A sudden pang of pain hit my left arm, then my left lap, and swiftly some sort of paralysis grazed all the energy in the muscles. Slowly it got darker, and darker, I knew I was sinking from the sun, from everything I knew; my family hundreds of miles awaiting my return, my friends who sensibly played it safe at the shoreline.

An hour or so earlier, we had arrived the beach, a team of new colleagues. That was to be our final picnic before we were scattered across the country, after a rigorous six month training course in telecommunication. It was my first time on a real beach.

Maybe I wasn’t aware of the danger yet, but I was sinking, sinking on my first day in an ocean. The pain in my muscles was racking my brain and I couldn’t move the arm and leg, and the other two good ones were perhaps still waiting for an impulse. Maybe my body was stupefied or something, but my mind still was unperturbed. There was a flash of my childhood.

Back then when nakedness meant nothing, I had enjoyed, not swimming, but sinking to the floor of my village stream whenever we visited, pretending I was a fish. I would cease my breath for minutes and kept my eyes open in the clear water, and picked fine pebbles, while I let the gentle stream carry me along till I got to where we called the ‘deep-side’; I would make a u-turn because I never really liked it there. No kid liked going there because we all knew one manner of legend or another about the deep-side, which water level actually was a little over my breasts at the deepest, and the main stream was barely over my groin. Yet I felt I knew all about swimming, especially when I could terrify the other kids by pulling their legs because they wouldn’t see me coming.

The air in my lungs was fast spent; I could feel a non-descriptive pain rising from within. I strongly felt like coughing but I knew I’d let water flood my lungs if I did, and I let the pain push.

I didn’t see this coming. We had just finished running along the beach, taking snapshots and then sitting to watch the wave rise and fall, while we ate our fried chicken, and drinks. I saw a few daredevils disappear under a hundred –meter high tumultuous waves, only to reappear on the calm behind. Then I saw him, her, whatever, swimming into the endless distance of the ocean. I think I was fascinated. I could do it.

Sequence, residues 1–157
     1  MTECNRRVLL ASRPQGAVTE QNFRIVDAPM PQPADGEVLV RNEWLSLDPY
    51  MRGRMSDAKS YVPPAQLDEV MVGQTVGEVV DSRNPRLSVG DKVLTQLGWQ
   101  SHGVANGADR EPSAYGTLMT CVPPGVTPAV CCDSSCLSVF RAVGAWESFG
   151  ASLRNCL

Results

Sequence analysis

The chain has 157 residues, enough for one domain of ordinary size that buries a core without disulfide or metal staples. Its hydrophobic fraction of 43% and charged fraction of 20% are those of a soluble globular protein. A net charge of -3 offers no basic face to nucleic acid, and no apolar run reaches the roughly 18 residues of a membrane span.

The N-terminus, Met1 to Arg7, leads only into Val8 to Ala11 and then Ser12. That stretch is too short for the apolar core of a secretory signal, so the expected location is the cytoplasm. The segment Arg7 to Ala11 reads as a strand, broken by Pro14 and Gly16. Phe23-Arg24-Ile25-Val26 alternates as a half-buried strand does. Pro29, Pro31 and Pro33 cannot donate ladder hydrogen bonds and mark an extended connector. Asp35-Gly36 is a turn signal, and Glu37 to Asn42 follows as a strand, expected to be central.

Without saying a word, I left my friends and went to satisfy my urge to have that water around me, to defy the strength of its huge powerful waves.
Don’t panic. That was the only strength I got from my soul. And deep inside I felt I was not destined to die in water. The pain in my arm and leg, the rising pain in my lungs, the flashes of memory, the growing darkness, the sinking, maybe I was losing control. It was like floating in a vacuum, I wasn’t on the surface and I and hadn’t touched the floor. A while ago I was on the Atlantic maneuvering waves. It was such a beautiful feeling of calm under those turbulent waves, but now I was sinking and, did anyone out there even know?

Maybe it was the pains that pushed me to push, maybe it was just pure adrenaline, the instinct to survive, or the innate believe of where my death shouldn’t be, but I frantically pushed upwards and kicked behind , and suddenly the arm and leg that didn’t feel like mine responded with a barrage of tingling. And a few more pushes and I was at the surface of the water though a little far from the beach. The air tasted like milk and honey, and the world around held a different view of splendor. I saw this huge wave approaching, and held on and let it hit me.

It hurt a little though but it got me to safety. I looked around and saw my unsuspecting friends, and at that moment, I was really scared.


  1. Was this real, it is so scary. You portrayed the experience very well.

  2. It was real, MYne, and that happened to me.


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